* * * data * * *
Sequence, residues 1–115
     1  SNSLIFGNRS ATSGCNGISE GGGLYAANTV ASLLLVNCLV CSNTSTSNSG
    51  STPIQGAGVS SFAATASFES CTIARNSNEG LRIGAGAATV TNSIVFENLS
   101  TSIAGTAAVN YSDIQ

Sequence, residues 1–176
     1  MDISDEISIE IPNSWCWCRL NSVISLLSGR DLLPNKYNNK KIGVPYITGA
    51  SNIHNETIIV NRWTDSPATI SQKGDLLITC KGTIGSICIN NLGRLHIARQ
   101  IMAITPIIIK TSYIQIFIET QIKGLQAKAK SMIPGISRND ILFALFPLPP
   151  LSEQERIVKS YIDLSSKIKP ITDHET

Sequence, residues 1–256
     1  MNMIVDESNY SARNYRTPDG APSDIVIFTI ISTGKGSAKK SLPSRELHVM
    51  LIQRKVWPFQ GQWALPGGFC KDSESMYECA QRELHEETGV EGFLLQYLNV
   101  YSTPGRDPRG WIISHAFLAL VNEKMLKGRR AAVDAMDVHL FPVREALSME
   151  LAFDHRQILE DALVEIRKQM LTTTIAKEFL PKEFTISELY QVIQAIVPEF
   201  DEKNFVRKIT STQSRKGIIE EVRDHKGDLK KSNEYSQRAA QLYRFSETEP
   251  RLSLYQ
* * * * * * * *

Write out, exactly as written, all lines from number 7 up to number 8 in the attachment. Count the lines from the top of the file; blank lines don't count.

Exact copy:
    51  SNIHNETIIV NRWTDSPATI SQKGDLLITC KGTIGSICIN NLGRLHIARQ
   101  IMAITPIIIK TSYIQIFIET QIKGLQAKAK SMIPGISRND ILFALFPLPP